Kitchen Shrink: Our crazy love fest with Pumpkin Spice

Using various spices and herbs, you can create your own Pumpkin Spice blend.
(File Photo)


“He who controls the spice, controls the universe.” — Frank Herbert

Love it or not, sassy Pumpkin Spice has captivated our senses and taken over our food supply.

Strolling down the supermarket aisles, I was accosted by a mountain of Pumpkin Spice items to herald the fall season starting in produce with jars of spreads, butters, and preserves strategically paired with bins of apples.

In the bakery, Pumpkin Spice ubiquitously appeared in everything from bagels, scones, cookies and quick breads to biscotti, donuts and frosted cakes. I then headed to the refrigerated areas where I spied limited editions of goat and cream cheeses, yoghurts, hummus, and even bacon, enhanced with Pumpkin Spice.

There’s more. The shelves were popping with Pumpkin Spice pancake, pudding, brownie, rice and chili mixes, nuts and seeds, oatmeal and assorted cereals, crackers, teas and coffees, corn, kale and kettle chips, along with assorted condiments (barbecue sauces, ketchups, salsas) all infused with the spice blend.

Heading to frozen foods, my mouth watered at the sight of Pumpkin-Spiced gelatos, sorbets and other icy delights. (Don’t forget the non-edibles like Pumpkin Spice candles, room fresheners and facial scrubs.)

Although Starbucks introduced its Pumpkin Spiced Latte 15 years ago setting the explosively popular trend for autumn sips, the mocha magnet does not lay a solid claim to the creation of the spice blend. Recipes for Pumpkin Spice Cakes appeared in various publications in the 1930s, while McCormick and other spice pioneers concocted a seasonal blend in the 1950s called “Pumpkin Pie Spice,” including cinnamon, nutmeg, cloves, ginger and allspice to amp up autumn delights.

Cinnamon with a warm, woodsy fragrant aroma native to Sri Lanka (formerly Ceylon) comes from the crumbly inner bark of the Cinnamomum zeylanicum tree, while a close imposter lurks from the Cinnamomum cassia plant, aka “Saigon” Cinnamon. The latter has a more reddish tinge, and less toothsome disposition than the real McCoy.

Ceylon Cinnamon is a healing food packed with calcium, iron, zinc, immune-boosting Cs, fiber and manganese with anti-bacterial, anti-fungal, anti-parasitic, and anti-inflammatory properties. This super spice has been found to regulate blood sugar levels and help control insulin resistance in Type 2 diabetics, jack up energy and vitality, and increase circulation. Just a whiff seems to tweak brain activity, especially focus and memory.

Nutmeg, from the tropical evergreen plant native to Indonesia, has enraptured royals, writers and healers for centuries with its heady aroma and healthful properties. The fruit or drupe the size of an apricot is covered with orange lacy arils called Mace. When the fruit ripens it exposes the hard oval kernel or the nutmeg seed that can be freshly grated for intense flavor.

Loaded with essential oils and other phyto-goodies, nutmeg has been used in traditional Chinese and Indian homeopathics for nervous and digestive disorders, to ease arthritic joints, alleviate fever, migraines and toothaches. Dial up seasonal sips, along with Alfredo sauces, soufflés, risottos, lasagnas, roasted roots and cobblers — a little dash’ll do you.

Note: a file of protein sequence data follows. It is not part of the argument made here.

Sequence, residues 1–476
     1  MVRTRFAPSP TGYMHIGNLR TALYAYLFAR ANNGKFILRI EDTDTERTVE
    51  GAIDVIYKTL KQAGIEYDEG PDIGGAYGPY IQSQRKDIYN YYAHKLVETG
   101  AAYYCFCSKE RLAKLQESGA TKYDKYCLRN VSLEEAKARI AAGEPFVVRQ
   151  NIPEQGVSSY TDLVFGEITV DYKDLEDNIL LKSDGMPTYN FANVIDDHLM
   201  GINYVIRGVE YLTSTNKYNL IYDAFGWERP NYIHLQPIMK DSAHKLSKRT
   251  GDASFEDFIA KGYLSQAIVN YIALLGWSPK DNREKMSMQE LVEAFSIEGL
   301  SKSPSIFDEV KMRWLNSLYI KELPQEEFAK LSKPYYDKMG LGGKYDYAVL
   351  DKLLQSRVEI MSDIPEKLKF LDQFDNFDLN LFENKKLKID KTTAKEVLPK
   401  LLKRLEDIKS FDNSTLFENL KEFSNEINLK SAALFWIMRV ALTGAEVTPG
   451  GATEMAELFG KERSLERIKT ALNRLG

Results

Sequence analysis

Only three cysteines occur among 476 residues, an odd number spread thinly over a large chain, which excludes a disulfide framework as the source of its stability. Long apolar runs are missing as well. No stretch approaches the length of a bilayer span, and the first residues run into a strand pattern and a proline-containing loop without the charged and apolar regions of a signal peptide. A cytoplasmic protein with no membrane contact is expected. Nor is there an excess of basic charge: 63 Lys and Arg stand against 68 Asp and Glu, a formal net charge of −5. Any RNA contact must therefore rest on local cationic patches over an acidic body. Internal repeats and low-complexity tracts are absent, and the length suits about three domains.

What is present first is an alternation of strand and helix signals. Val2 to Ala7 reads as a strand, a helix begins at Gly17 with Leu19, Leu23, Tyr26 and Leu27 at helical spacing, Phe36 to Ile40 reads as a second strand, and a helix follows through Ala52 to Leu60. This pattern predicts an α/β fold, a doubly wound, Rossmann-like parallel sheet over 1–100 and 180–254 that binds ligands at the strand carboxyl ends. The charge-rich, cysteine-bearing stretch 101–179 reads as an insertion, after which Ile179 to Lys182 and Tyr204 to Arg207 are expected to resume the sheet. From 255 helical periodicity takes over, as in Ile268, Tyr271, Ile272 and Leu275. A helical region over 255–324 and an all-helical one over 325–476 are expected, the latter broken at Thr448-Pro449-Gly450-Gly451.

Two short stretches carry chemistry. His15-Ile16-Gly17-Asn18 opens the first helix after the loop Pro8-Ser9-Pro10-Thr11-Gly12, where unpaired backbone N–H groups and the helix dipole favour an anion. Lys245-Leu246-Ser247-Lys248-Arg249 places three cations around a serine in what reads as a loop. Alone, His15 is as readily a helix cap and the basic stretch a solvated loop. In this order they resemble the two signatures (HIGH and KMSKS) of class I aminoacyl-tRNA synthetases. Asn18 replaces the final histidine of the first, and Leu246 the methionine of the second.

• Although available year round, Cloves’ sweet and aromatic flavor enhances autumn treats of all manners. Cloves are a dense little package of essential oils, heart-healthy omega-3s, calcium, and immune-boosting Cs. The first breath mint in history, Chinese courtiers sucked on fragrant cloves before sittings with the emperor.

• The spunky tuber with fibrous flesh, Ginger is either grated fresh or ground into pungent powder. It gives a warm kick to soups, stir-fries, nut breads and cookies. while providing a digestive aid and nausea remedy. For milder, less stringy ginger, pick immature, stubbier stems.

Allspice, aka Jamaica Pepper, comes from the dried pimenta berries of the West Indian myrtle plant. Ground to a fine powder, allspice was so named by British gastronomes in the 1600s for being reminiscent of the combined tastes of cinnamon, nutmeg and cloves. This versatile spice enlivens a slew of sweet and savory dishes.

• Create your own Pumpkin Spice blend to suit your palate and pocketbook. Pricey Cardamom is well worth the investment, as a pinch of this potent, expressive spice — a staple in Indian cuisine — goes a long way. Cardamom adds an exotic accent to pie crusts, strudels and cakes, while perking up a cup of joe. A dash of Black Pepper imparts another layer of interest, while mighty Turmeric gives a glorious golden color and anti-inflammatory oomph.


Recipe: My Pumpkin Spice Blend

Ingredients: 3 tablespoons Ceylon cinnamon; 1 tablespoon turmeric; 3 teaspoons powdered ginger; 1 1/2 teaspoons nutmeg; 1 teaspoon allspice; 1 teaspoon ground cloves; 1 teaspoon cardamom; 1/4 teaspoon black pepper.

Method: Blend ingredients in a bowl and transfer to an airtight container or spice jar. Store in cool, dry place.

Catharine Kaufman can be reached by e-mail: and see more recipes at